AN ODD MINUET was completed during the visit to Washington of Israel's foreign and defense ministers. The Israelis had made plain their intent to redeploy in Lebanon, in order to reduce their casualties and make their occupation more palatable at home, in the absence of a parallel complete withdrawal by Syria. This aroused the Americans to ensure that such a partial withdrawal would be both undertaken and seen merely as the first stage in the removal of all Israeli troops. So the Israelis had to disavow an intent--to redeploy and stay on permanently--that they insisted they never harbored. The Americans had to dispel the suspicion that they preferred Israel to stay in place rather than start withdrawing.

Otherwise, things are bad in Lebanon. The Lebanese, seeing the outside momentum toward a Lebanon solution fade, seem to be turning to each other with guns in hand. The effort to dislodge the Syrians, to the extent that it is not simply drifting into a flight from responsibility, is bogged down in argument over what if anything might lead President Hafez Assad to change his mind and make good on his earlier promise to go home. The PLO power struggle continues, making it impractical and impossible for others to take an active interest in the Palestinian question; the Israelis are using the interval to colonize further the West Bank. American diplomacy has been reduced to a series of comings and goings meant to show the United States still cares about the restoration of Lebanon's sovereignty.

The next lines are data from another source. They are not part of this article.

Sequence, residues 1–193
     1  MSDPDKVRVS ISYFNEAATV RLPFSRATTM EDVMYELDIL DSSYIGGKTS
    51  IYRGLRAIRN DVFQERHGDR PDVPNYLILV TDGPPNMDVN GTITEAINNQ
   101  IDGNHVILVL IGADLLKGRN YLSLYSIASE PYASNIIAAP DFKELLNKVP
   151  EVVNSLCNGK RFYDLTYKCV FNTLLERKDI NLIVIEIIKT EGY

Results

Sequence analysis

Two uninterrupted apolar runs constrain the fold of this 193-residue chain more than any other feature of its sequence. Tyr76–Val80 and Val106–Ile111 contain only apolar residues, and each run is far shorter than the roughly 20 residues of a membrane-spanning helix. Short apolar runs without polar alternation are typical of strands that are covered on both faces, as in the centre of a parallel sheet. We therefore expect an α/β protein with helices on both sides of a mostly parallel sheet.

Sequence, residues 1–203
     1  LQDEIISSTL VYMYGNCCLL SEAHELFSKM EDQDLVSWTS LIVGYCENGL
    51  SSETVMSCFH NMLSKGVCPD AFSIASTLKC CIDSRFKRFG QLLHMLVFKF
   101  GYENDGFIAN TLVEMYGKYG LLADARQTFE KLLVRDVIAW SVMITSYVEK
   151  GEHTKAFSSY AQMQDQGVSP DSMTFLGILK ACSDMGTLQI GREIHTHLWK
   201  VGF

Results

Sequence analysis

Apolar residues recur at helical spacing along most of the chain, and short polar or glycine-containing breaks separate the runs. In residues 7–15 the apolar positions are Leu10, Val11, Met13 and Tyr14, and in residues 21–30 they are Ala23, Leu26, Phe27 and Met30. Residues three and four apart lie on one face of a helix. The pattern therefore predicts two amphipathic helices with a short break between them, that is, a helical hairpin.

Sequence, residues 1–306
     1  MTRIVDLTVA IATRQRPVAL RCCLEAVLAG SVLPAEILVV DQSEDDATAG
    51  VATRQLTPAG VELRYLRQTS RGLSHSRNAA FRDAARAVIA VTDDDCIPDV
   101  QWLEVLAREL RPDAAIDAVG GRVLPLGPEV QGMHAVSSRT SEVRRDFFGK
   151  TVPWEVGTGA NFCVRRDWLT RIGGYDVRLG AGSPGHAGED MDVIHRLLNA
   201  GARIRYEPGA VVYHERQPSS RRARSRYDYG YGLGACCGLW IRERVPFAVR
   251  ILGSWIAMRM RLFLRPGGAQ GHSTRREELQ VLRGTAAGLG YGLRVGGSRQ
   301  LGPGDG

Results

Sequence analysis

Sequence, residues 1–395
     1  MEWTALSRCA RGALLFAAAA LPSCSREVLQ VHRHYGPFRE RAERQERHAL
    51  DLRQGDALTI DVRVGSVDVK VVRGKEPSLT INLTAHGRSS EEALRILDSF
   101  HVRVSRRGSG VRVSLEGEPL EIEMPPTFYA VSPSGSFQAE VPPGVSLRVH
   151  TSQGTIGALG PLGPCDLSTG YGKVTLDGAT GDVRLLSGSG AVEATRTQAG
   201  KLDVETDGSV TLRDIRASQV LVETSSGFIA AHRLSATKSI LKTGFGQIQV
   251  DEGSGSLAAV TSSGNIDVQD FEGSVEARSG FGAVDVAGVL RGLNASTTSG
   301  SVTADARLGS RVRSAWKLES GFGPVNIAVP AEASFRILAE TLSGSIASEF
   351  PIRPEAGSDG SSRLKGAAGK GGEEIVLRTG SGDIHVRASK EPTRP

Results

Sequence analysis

In the circumstances, Israel's redeployment is the best thing going. Whether it will quiet the Israeli debate about the invasion and occupation of Lebanon is far from certain, since a certain level of casualties is to be expected in the south, and Israel's troops will remain eyeball-to-eyeball with Syria's in the east. The redeployment, however, will force upon Lebanon the cruel but necessary requirement to extend the area for which it takes direct responsibility. It appears there will be a need to expand the multinational force as Israeli troops depart the strife-ridden Chouf mountains south of Beirut. But the Lebanese army will have to take over the main task of preserving order there.

The difficulties are huge. The redeeming political purpose of the exercise, however, lies here: a Lebanese government that had demonstrated its will and capacity to push its zone of control out from Beirut into the Chouf would unquestionably be in a better position to reclaim the other now-occupied parts of the country.